Divers loot 'war graves' of D-Day troops sunk off the Normandy coast

Click to follow
The Independent Online

Divers are plundering and looting the remains of a huge forgotten D-Day army lying in the sea off Normandy, according to archaeologists carrying out the first study of the site.

Divers are plundering and looting the remains of a huge forgotten D-Day army lying in the sea off Normandy, according to archaeologists carrying out the first study of the site.

A team has been mapping the underwater wreckage for the first time, concentrating on the area off the beaches codenamed Utah and Omaha for the Allied landings. They have found tanks, lorries, jeeps, landing craft and troop carriers, together with the remains of 5,000 soldiers who never made it to the beaches on 6 June 1944.

But divers have been looting helmets, guns, shell cases, pieces of vehicles and boats. One team even salvaged a tank, which probably contained the remains of its crew, and hauled it on to the beach.

The survey is led by Professor Brett Phaneuf of the Institute of Nautical Archaeology at Texas University. He said: "The site is being taken apart. Charter boats are going over from Southampton, and there are divers from France and elsewhere who are going down there and getting things out - helmets, flare guns, and so on.

"These are the war graves of the largest naval action, and probably the most significant, in the history of the world, yet they have no protection. A lot of men are in tanks and landing ships that never made it to shore, and these sites should be as every bit as hallowed as the grounds of the military cemeteries on the cliffs above."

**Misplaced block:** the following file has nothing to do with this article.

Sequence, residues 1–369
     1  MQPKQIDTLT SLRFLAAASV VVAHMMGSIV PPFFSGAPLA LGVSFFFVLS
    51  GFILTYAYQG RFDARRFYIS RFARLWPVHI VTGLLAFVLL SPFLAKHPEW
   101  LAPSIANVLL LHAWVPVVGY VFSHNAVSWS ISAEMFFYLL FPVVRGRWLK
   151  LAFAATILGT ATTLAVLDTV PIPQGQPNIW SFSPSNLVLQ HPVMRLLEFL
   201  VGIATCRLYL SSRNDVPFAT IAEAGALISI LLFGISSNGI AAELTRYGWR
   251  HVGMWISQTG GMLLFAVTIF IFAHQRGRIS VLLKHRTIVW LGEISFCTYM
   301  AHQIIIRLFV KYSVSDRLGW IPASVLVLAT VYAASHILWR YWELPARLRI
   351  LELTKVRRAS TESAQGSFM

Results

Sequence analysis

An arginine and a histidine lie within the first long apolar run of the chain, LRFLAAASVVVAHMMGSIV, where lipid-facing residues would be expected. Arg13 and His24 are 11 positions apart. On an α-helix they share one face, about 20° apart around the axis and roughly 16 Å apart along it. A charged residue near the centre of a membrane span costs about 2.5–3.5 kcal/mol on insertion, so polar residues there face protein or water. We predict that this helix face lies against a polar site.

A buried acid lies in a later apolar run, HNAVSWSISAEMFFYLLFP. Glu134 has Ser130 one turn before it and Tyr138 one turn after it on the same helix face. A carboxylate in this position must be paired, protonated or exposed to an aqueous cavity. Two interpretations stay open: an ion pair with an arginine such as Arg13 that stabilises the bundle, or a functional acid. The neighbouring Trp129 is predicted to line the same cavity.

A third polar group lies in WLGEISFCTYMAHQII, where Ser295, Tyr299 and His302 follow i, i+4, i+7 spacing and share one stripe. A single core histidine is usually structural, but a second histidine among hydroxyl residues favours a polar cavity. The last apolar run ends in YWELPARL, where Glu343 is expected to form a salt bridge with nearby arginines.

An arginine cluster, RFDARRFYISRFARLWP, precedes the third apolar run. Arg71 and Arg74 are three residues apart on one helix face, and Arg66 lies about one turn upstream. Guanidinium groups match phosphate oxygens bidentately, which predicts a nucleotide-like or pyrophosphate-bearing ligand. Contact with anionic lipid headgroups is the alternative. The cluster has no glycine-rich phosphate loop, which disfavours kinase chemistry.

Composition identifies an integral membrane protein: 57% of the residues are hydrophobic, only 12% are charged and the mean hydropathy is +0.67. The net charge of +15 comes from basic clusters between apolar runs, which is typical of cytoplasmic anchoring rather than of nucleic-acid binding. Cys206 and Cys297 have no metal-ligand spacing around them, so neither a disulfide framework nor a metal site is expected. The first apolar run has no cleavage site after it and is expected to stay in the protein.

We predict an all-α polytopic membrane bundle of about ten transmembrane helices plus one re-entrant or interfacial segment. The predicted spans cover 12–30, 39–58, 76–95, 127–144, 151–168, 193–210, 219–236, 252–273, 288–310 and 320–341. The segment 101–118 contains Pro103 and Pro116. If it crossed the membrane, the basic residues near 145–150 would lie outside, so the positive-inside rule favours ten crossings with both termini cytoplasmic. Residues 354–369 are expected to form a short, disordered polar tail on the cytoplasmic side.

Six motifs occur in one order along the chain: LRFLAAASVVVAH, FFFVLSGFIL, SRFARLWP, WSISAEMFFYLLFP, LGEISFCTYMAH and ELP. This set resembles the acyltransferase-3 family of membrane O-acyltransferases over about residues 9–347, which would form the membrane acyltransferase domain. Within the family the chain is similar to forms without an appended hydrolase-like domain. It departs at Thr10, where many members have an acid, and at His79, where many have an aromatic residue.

Despite the historical importance of the sites, they have not been declared war graves and remain unprotected from the actions of the looters.

Professor Phaneuf said one of the aims of the research was to get information that could be used by American and French authorities to come up with ways to police and protect the site and prevent looting. "We can't make recommendations about protecting resources that we don't know about, so we're surveying to see what's there, how much is really left and what kind of condition it is in."

Professor Phaneuf's Project Neptune 2K is attempting to discover exactly what happened to the soldiers who never made it to Normandy by surveying and identifying the wreckage lying off the coast.

He said that while all Second World War sites on land have been investigated and mapped, until now no one has tried to find out what lies in the waters off the Normandy beaches. "We need to study the battlefields, including the underwater portion, to get a handle on what happened. We don't know exactly how many ships were there, and we are not sure how many people were lost on the ships or in the water," he said.

Using hi-tech equipment, including magnetometers to plot magnetic fields and side-scanning sonar to profile the seafloor, the team have so far found enough equipment for an entire army.

"There's a phenomenal amount of material down there, every possible type of vehicle and piece of equipment. Sherman tanks, lorries, British tanks, Jeeps, bulldozers, trucks, ammunition carriers, troop carries, landing craft, landing ships, even pieces of artificial harbour," Professor Phaneuf said. The team believe they have found several of the amphibious British Double Duty Tanks, which were modified to float but sank as soon as they were released from ships, taking their crews with them.

Professor Phaneuf said that by mapping and identifying all the wreckage on the seafloor, researchers might be able to provide some information for relatives of men still officially listed as missing in action.

"We owe it to these people to mark their graves properly and to have due deference. Anyone who dives there should do so with the respect and deference due to what is an underwater cemetery.''